Catfight 120 years ago

By: Ambeth R. Ocampo - @inquirerdotnet - Columnist/Philippine Daily Inquirer | March 18,2022 - 08:00 AM

Reading my students’ papers on what the Philippines was like on the day they were born can be quite depressing. Using the Inquirer archive, they traveled back in time 17, 18 years to discover a world that is both different and the same. While the aim of the exercise is simple research, many discovered the difference between history, memory, and nostalgia. Those who fact-checked stories they heard growing up concluded that parents can sometimes be an unreliable source of information. My research has taken me back centuries, and I realized that human nature does not change. One would think that by 2022 we should have seen the end of war, poverty, famine, and disease. Well, history records peaks of peace, goodness, and light, but what moves people, nations, and history are base motivations like selfishness, cruelty, greed, and dishonesty.

After the 1901 capture of Emilio Aguinaldo in Palanan, editors in the Manila Times filled the gap with crime, but one needs more than murder to engage readers. This odd case from 1902 caught my eye because what was simple tampuhan between two women when read 120 years later has a different angle:

“They were dear amigas once. Sad to say, the discord began at church. As they met on the steps Ambrosia forgot her customary salutations. ‘She did not salute [greet] me,’ said Eufemia, and ‘showed me a very unpleasant face.’” It sounds much better when translated to Filipino as: Hindi niya ako binati tulad noong araw … at sinimangutan pa ako!“Eufemia went home and, over a cup of chocolate, brooded upon this extraordinary conduct of her friend. She remembered that once, in halcyon days, she had her picture taken in a group with Ambrosia. The memory drew a few silent tears, and then suddenly resolved itself into a scheme of revenge. She sent her maid to Ambrosia to ask for the picture.

“Ambrosia came back herself with it. She stopped at the door and flung the photo right into the cup of chocolate in which Eufemia was seeking oblivion and consolation.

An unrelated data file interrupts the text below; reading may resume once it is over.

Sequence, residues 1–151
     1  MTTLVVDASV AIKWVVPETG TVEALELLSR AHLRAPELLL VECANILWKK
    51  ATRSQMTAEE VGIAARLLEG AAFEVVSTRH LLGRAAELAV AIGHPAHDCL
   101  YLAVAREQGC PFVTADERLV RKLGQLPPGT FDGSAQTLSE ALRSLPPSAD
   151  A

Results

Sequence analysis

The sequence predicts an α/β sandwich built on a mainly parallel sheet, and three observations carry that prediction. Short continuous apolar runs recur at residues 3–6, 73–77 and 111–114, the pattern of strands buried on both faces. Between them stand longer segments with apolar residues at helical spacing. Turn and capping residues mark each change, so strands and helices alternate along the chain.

“‘Was the picture spoiled?’ asked Judge McGirr.

“‘Not very much,’ answered Eufemia sweetly. ‘There was a big spot of chocolate where Ambrosia used to be, but I considered that somewhat of an improvement.’

“Sadly Eufemia took up the chocolated work of that and tore it in two parts, giving to Ambrosia the chocolate spot beneath which her charming visage had once smiled.

“Ambrosia returned home with her half picture, trembling with indignation. Then she remembered that one Christmas Day, Eufemia had presented her with a delicately embroidered handkerchief. She took the memento from her treasure box and trotted back to Eufemia’s house. There, right under her former friend’s nose, she tore the keepsake till nothing but lamentable shreds, symbolical of their torn friendship remained.

“Then Eufemia called Ambrosia, blank, blank, blank, blank. [We leave the reader to fill in the blanks.]

“And Ambrosia called Eufemia blank, blank, blank, blank with strongly qualifying adjectives. [Again, readers are left to their imagination. Were these unprintable words curses in Spanish, Tagalog, English, or a mix of all?]

“Eufemia started in another recitation of the Tagalog dictionary.

“And then Ambrosia’s smote [struck with a firm blow].

“She smote well, did Ambrosia, if a lugubrious decoration on fair Eufemia’s right eye could be evidence of the fact. Eufemia though less hard-fisted, had dexterous nails and she used them with good effect on Ambrosia’s nose. Policeman Ambrosio, peaceably walking his beat, was suddenly called by a breathless mujer who screamed to him that murder was being done. He followed the woman into the house and found that, if murder was not being done, it was certainly not from the lack of good intention. He separated the ladies and bade them to the Santa Cruz court to meet Judge McGirr.

“The judge was highly honored and in memento of the memorable occasion he levied a little contribution of two dollars and a half from each lady. They paid their fines and walked out, their little pug noses up-tilted toward the sun which, in these climes, is very high at noon.”

The above won’t look out of place in the Raffy Tulfo show. It is not that we have not learned from history, but rather human nature remains unchanged over millennia.


Comments are welcome at [email protected]

Read Next

Disclaimer: The comments uploaded on this site do not necessarily represent or reflect the views of management and owner of Cebudailynews. We reserve the right to exclude comments that we deem to be inconsistent with our editorial standards.

TAGS: 1902, Ambrosia, amigas, catfight, Cebu‬, Cebu Daily News, cebu news, crime, Eufemia, two women

We use cookies to ensure you get the best experience on our website. By continuing, you are agreeing to our use of cookies. To find out more, please click this link.